High in the Himalayan mountains of Tibet, young monks must prove themselves in
a contest of will and focus against the deathly chill of winter. Using special
meditation techniques and breathing practices know as Tumo, they must survive
in a freezing room made of stone from dusk until dawn the next day, wearing only
a thin wrap that is very similar in thickness to a bed sheet.
Though it took several years of research to find out how this technique is done,
and a bit of tinkering to improve upon it for Western minds, this secret can now be
shared with you in full here.
Understand before starting, to the Monks of the Mountains, these techniques are
a purely spiritual effect. While they preform all of the physical steps listed below, it
is not though to be the main portion of this technique at all. To them, the mind and
will play the most important part in most activities in life, this one being no
exception at all.
Most people reading this may tend to ignore the significance of this and view only
the outward trappings. Both are mistakes. We are not creatures of mind and spirit
alone, and are also not beings that exist only as physical bodies. Taking the time
to integrate ourselves fully and except ourselves as being both physical and
mental beings allows us to use a far greater portion of our personal potential.
Before you start this warming exercise, you will want to arrange your surroundings
- Find or create a sheltered space, where little to no wind passes or circulates
around you. This will aid in preventing loss of body heat. It only makes sense to
keep the increased heat you are generating as well as possible.
- Find something, a rug, a piece of wood, a pillow, to sit on, so that you are off
of the floor or ground, as contact with chill surfaces can lead to rapid loss of heat,
defeating your efforts.
- Find a voluminous wrap of some kind, in which pockets of air warmed by your
body heat can become trapped. While many small pockets of warmed air is the
ideal, still air is the most important factor here. It is the best insulation you can find without pre-planning.
- Sit comfortably off of the floor, with your back very straight and
as close to straight up and down as possible along your bodies core. Don’t hunch
or bunch up and try not to lean forward or back too much. Make your body heat
travel through as much mass as possible on it’s way up and out of your body.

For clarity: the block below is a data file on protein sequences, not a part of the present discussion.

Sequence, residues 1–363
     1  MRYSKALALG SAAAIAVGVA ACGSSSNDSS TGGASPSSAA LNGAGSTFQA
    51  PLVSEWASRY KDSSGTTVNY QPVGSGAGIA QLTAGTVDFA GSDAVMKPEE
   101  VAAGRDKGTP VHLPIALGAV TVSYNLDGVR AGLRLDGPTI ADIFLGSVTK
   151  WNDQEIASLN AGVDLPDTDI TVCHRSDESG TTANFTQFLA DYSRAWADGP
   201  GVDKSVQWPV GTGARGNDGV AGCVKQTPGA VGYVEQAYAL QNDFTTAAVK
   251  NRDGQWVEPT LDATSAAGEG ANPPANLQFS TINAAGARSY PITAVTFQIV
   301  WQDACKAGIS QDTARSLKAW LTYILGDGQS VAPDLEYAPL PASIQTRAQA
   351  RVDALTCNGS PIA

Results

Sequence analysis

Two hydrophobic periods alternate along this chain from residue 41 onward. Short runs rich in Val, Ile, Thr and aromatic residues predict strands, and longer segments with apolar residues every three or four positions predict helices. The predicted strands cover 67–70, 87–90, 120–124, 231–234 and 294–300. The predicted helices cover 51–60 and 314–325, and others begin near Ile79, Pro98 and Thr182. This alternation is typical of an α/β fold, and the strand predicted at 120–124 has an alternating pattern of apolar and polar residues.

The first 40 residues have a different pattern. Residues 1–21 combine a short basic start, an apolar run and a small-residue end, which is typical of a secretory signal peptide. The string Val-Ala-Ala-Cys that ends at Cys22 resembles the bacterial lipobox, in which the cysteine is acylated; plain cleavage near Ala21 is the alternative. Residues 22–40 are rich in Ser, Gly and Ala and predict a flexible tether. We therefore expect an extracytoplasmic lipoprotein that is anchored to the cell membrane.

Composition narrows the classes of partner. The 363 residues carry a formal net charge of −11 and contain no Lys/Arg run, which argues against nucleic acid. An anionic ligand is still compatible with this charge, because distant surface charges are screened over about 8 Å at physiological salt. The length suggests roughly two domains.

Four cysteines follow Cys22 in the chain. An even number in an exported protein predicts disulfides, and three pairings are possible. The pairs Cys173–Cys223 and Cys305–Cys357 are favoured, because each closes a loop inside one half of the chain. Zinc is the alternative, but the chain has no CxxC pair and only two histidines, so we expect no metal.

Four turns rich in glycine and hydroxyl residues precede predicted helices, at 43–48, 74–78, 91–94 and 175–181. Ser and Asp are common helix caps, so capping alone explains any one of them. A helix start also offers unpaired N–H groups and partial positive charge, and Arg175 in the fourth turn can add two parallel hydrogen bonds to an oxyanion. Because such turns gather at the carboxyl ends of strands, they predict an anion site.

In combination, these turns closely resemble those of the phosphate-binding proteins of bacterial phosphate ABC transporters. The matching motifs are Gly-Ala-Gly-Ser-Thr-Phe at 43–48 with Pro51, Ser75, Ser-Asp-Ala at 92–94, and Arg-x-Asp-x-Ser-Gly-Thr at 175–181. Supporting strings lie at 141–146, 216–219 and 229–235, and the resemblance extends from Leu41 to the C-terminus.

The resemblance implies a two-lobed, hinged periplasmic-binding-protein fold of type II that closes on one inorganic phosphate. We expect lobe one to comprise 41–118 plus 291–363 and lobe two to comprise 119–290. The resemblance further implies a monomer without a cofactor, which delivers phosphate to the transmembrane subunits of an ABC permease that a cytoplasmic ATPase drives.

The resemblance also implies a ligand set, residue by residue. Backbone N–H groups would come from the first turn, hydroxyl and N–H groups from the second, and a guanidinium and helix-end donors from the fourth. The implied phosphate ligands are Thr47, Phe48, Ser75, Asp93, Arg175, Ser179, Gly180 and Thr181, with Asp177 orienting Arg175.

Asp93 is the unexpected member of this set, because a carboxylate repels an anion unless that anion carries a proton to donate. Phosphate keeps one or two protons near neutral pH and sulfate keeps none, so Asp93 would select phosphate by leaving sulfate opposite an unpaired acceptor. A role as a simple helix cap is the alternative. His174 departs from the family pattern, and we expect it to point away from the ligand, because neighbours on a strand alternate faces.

- Hold your hands, palm up, on your lap, with your arms relaxed, but as close to
touching your body along their whole length as you can manage without
tightening your arms. If you can hold or drape a bit of material over your hands,
so much the better.
- Lightly tighten your stomach muscles, using about one quarter the effort it
would take to do a sit-up, and keep them tight as you inhale, extending your
stomach as you breath in (rather than lifting your chest up, this is important as the
physical work required to warm your body is being shared between the very high
endurance stomach wall and diaphragm.) and tightening your stomach and chest
muscles as you exhale. Try to fill your lungs full on the inhalation and do it slowly,
and empty your lungs as fully as possible on the exhalation. This will help prevent
hyperventilation. (Breathing slow is the key.)
- Breath only through your nose for this exercise. It allows the greatest pre-warming
of air and heat retention than breathing through the mouth. This alone will warm you, possibly enough for survival, but there is a bit more which will really help to kick start the fires within.
- Focus on the pit of your throat, a point just behind the half circular dip. Behind
this point (more or less) is where your Thyroid gland sits. Feel it growing warmer
(in your imagination, thoughts, or in your physical perception, what ever works for you.) and feel it enlarge a bit, swell and tingle as more thyroid hormone is
secreted into your system.) Just focusing on this spot can be enough to trigger an
increase in thyroid production. The more intense the focus, the greater the
amount of metabolic boosting hormone will be produced.
- As you continue with all of the above, focus on a stream of fire, moving from your
Hara (Japanese, a point a few inches below your belly button.)Up the front of your
body, warming you as it goes, up the chest and neck, through the face and then
to the top of the skull. At this point it folds over the top of the skull and runs down
the back of the body, down the spine, until it enters the Hara from the other side
of the body, forming a loop of hot energy.
As you inhale you should imagine this burning fire moving as if pushed from the
front, and as you exhale, you should image it as if it is being pulled from the back.
Keep this image up while working, to help the capillaries along the core of your
body open up and relax. It will also cause your mind, which is doing many things at
once, to increase in neural recruitment, which tends to raise the metabolic rate.
You should be breathing between six and sixteen times per minute for best affect.
You will be able to use this technique to stave off bitter chill and even potential
death, as long as you use it correctly and as soon as possible. It is best to
practice first however, as the stress on the diaphragm can make you sore the next
day if you have not conditioned yourself properly ahead of time.
Very few people have learned these techniques outside of Tibet. It is hoped that
this skill will aid you in hard times, if they should ever come.